Patong Hospital creaking under workload

PATONG (The Nation): Medical workers, including the director at Patong Hospital in Phuket, have quit the Public Health Ministry due to the enormous workload in the area, the hospital’s director, Dr Taveesak Netwongse, said.

As Phuket attracts many tourists, Patong Hospital was forced to expand from a 10-bed hospital to a 60-bed one to treat the increasing number of locals and foreigners.

Taveesak said many people visiting the hospital come with high expectations of medical service. “They do not think that this is a community hospital; they think it’s like a private hospital or a bigger state hospital,” he said.

The hospital has been hit by a lack of adequate [numbers of] medical workers and other limitations, he said, adding that “That’s why the medical workers in the hospital have to shoulder the [excessively heavy] workload.”

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Taveesak said he had tried to find solutions. He had proposed that the government operate the hospital as a public organization like Samut Sakorn’s Banphaeo Hospital. His proposal was supported by former Public Health Minister Dr Mongkol Na Songkla because the hospital is located in a special area.

He said Mongkol’s backing had encouraged him to develop the hospital’s services, but it did not help in improving the facility. He blamed official regulations and political problems for the failure.

The deputy prime minister at that time had asked the Public Health Ministry to conduct a review of the number of hospitals that should operate as public organizations, but so far there had been no progress, he added.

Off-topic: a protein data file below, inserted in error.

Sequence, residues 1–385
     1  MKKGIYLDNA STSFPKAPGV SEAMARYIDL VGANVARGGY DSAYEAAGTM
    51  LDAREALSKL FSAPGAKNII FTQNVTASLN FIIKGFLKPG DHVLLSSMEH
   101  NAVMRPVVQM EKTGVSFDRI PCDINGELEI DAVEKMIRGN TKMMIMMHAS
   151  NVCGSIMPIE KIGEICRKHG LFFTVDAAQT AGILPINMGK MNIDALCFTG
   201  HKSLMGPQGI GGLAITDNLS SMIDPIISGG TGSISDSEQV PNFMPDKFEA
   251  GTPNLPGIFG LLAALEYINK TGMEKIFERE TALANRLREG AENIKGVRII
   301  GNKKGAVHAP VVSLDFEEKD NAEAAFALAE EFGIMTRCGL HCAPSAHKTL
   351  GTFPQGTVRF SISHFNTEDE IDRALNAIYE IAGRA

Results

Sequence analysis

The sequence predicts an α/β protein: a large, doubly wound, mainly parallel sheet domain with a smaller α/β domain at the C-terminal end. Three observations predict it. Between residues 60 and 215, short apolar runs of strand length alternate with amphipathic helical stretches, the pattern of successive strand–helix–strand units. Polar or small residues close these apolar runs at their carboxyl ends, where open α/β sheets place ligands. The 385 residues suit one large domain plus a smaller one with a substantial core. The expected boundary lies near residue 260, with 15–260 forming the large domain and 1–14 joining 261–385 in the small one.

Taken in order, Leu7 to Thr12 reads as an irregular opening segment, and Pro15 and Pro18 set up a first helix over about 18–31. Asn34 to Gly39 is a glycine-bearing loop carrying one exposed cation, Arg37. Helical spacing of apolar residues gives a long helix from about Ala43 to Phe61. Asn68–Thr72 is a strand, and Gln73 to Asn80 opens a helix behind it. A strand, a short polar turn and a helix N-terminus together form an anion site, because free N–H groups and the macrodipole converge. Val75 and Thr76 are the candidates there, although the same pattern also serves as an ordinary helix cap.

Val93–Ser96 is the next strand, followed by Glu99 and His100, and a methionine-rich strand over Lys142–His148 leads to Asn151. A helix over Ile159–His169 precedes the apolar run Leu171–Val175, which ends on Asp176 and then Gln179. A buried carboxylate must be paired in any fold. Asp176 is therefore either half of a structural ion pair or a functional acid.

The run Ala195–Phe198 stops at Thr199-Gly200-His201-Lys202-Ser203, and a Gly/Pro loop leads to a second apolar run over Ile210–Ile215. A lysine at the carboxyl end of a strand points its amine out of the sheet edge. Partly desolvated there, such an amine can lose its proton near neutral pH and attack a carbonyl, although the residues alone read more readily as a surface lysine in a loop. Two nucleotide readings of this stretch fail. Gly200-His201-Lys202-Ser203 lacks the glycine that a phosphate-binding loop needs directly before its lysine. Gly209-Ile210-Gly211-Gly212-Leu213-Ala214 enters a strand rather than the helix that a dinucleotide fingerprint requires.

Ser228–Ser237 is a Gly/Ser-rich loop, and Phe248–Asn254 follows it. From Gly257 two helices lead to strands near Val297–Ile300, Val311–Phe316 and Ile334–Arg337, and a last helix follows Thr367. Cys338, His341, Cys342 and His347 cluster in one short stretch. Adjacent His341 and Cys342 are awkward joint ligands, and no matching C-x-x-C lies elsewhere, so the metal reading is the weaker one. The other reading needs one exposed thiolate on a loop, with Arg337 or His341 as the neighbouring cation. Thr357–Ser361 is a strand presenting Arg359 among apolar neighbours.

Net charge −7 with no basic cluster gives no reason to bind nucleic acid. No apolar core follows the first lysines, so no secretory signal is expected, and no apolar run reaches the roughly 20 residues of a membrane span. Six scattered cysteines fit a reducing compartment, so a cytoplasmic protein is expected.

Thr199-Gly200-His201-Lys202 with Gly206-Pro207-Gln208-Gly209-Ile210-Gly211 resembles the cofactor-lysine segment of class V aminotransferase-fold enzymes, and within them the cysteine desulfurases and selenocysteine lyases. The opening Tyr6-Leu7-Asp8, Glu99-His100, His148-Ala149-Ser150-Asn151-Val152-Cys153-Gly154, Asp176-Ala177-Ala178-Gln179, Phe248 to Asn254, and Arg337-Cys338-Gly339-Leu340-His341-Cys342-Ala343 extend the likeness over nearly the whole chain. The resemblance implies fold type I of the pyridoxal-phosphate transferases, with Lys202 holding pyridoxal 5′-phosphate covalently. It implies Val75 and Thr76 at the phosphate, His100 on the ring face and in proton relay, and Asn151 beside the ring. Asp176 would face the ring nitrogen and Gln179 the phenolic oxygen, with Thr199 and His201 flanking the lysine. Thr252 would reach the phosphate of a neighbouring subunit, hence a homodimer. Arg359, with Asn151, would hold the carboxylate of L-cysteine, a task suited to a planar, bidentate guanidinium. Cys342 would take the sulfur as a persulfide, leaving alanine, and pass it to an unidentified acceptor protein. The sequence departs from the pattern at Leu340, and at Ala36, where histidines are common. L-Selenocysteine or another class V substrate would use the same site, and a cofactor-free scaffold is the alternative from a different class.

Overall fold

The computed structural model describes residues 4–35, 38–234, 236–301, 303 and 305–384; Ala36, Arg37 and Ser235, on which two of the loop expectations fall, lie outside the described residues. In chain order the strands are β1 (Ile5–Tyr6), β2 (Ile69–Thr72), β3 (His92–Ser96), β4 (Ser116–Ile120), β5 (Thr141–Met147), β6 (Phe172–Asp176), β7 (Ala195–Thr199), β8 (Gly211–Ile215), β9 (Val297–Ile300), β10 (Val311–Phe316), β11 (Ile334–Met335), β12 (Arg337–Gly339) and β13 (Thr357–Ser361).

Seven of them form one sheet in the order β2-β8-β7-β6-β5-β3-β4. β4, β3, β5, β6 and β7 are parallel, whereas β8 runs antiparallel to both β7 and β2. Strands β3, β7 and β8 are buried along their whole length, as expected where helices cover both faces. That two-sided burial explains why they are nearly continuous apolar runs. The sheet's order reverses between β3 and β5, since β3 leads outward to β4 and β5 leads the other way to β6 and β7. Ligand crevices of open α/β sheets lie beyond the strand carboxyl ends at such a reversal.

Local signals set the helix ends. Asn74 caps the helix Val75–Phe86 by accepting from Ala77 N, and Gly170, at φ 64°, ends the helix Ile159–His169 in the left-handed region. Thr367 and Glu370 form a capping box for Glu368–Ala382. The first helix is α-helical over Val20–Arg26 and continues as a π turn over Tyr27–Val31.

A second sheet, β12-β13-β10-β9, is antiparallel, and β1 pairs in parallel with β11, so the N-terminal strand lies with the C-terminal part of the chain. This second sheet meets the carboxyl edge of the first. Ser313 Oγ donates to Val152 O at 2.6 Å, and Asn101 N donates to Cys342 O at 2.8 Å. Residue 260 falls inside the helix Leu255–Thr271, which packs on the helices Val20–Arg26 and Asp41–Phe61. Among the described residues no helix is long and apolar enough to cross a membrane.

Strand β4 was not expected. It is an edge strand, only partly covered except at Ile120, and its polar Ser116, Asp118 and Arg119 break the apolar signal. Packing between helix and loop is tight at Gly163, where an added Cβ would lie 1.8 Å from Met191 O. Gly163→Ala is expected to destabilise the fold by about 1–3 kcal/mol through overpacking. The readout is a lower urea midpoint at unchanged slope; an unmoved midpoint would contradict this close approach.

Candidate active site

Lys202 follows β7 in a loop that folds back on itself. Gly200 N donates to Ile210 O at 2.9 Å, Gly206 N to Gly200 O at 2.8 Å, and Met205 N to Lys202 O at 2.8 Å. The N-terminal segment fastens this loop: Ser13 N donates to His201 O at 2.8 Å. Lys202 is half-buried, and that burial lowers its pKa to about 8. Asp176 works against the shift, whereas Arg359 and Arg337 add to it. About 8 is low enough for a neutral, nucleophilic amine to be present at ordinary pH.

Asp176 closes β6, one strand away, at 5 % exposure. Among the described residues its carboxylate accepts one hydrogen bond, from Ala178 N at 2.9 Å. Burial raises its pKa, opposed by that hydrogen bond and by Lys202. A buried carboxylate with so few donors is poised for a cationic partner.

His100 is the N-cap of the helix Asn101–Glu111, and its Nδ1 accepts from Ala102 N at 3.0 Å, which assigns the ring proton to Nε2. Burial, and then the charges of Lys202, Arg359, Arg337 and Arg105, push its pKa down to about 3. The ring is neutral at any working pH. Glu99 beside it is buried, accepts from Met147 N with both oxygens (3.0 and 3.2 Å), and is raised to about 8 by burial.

The unsuccessful attempt to push Patong Hospital as a public organization had affected the morale of the medical workers, he said. Two of 10 physicians resigned in August and now there are only three doctors working regular hours in the hospital.

He said the rest of the physicians have to stand by for 24 hours to provide healthcare service to 420 patients per day on average, because Phuket is a tourist attraction and there are a lot of accidents in the area. “Many of them are tempted to seek higher-paying jobs in private hospitals,” he added.

Taveesak resigned from the Public Health Ministry in August this year but his resignation was not accepted by permanent secretary Dr Prat Boonyawongvirot. Prat wanted him to help the ministry and continue his work, but he [Taveesak] said he wanted to work for himself and his family.

Phuket News

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